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whats the story on these? were they made new in 8mm? were they converted off of M91's?(i heard the reglar m38's are) does the sn of RB970(gun#1) and 2276(#2) give aclue to when they were made? another is who used thes in 8mm? gun #2 has only a crude 7.9(rear sight) and just a serial number on the barrel shank, while gun #1 has a neat 7.92 (rear sight) and FNA-R on the top of the barrel shank, and that crown type thing on the right side.also the front sights are rounded in the front and pointed in the back. thanks for help
mike



Carcano
Posted - 12/26/2003 : 10:54:26 AM
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Let's try, Mauserman38 (and thanks for repeating the question here).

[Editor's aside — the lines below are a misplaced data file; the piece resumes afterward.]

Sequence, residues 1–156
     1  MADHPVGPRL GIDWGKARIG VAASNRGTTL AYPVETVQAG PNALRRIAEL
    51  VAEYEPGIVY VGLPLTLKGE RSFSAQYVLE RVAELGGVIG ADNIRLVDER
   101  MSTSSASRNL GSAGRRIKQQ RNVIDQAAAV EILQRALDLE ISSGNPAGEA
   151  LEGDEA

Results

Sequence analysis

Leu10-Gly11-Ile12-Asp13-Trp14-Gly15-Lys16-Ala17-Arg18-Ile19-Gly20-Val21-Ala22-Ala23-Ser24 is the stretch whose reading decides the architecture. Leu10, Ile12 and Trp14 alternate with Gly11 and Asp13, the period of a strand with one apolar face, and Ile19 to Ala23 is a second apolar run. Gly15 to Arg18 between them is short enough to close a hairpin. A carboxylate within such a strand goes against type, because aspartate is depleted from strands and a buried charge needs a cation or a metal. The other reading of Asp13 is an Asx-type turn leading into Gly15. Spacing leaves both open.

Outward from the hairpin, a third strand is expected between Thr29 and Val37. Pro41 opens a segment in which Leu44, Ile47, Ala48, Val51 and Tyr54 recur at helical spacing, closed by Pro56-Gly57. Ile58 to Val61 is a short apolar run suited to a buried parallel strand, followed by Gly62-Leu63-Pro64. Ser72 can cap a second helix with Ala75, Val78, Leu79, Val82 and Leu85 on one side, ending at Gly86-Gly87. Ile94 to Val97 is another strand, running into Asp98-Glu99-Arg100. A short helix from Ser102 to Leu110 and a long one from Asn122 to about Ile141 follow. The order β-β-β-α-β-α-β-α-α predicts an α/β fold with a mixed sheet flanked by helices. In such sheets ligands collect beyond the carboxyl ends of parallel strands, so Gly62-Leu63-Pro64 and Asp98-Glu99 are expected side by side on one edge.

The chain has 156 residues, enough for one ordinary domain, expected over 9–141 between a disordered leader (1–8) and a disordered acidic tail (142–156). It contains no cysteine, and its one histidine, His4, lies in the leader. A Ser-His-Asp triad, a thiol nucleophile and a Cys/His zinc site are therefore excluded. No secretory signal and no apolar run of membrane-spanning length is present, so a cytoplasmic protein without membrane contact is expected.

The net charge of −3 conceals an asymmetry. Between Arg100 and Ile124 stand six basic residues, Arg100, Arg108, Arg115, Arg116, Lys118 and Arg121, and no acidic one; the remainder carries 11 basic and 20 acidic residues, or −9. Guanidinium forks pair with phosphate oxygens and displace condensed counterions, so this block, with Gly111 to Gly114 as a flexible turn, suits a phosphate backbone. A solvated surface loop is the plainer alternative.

1. The guns were at least newly assembled, as it appears. They seem to have used existing parts. Whether the barrels were newly made or are (more likely) conversions of existing barrels, I am not sure. I suspect the latter, with the qualification that these probably were unstamped barrels "in the white" or even barrel blanks. The chambers sometimes appear to have been drilled rather than reamed.

2. The receivers may give us a clue if their bottom shows a date indication.

3. Is the "2276" situated right on top (= in the middle) of the barrel shank, or to the left side ?

4. The FNA-R RB 970 was made in Brescia (Fabbrica Nazionale d'Armi).

5. Do both guns have identical front sight blades ?



Mauserman38
Posted - 12/26/2003 : 10:20:03 PM
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2. no dates
3.right on top
5. yes they do
 

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Discussion Starter · #3 ·
Line / Groove across the Muzzle Crown of 8mm Moschetti ?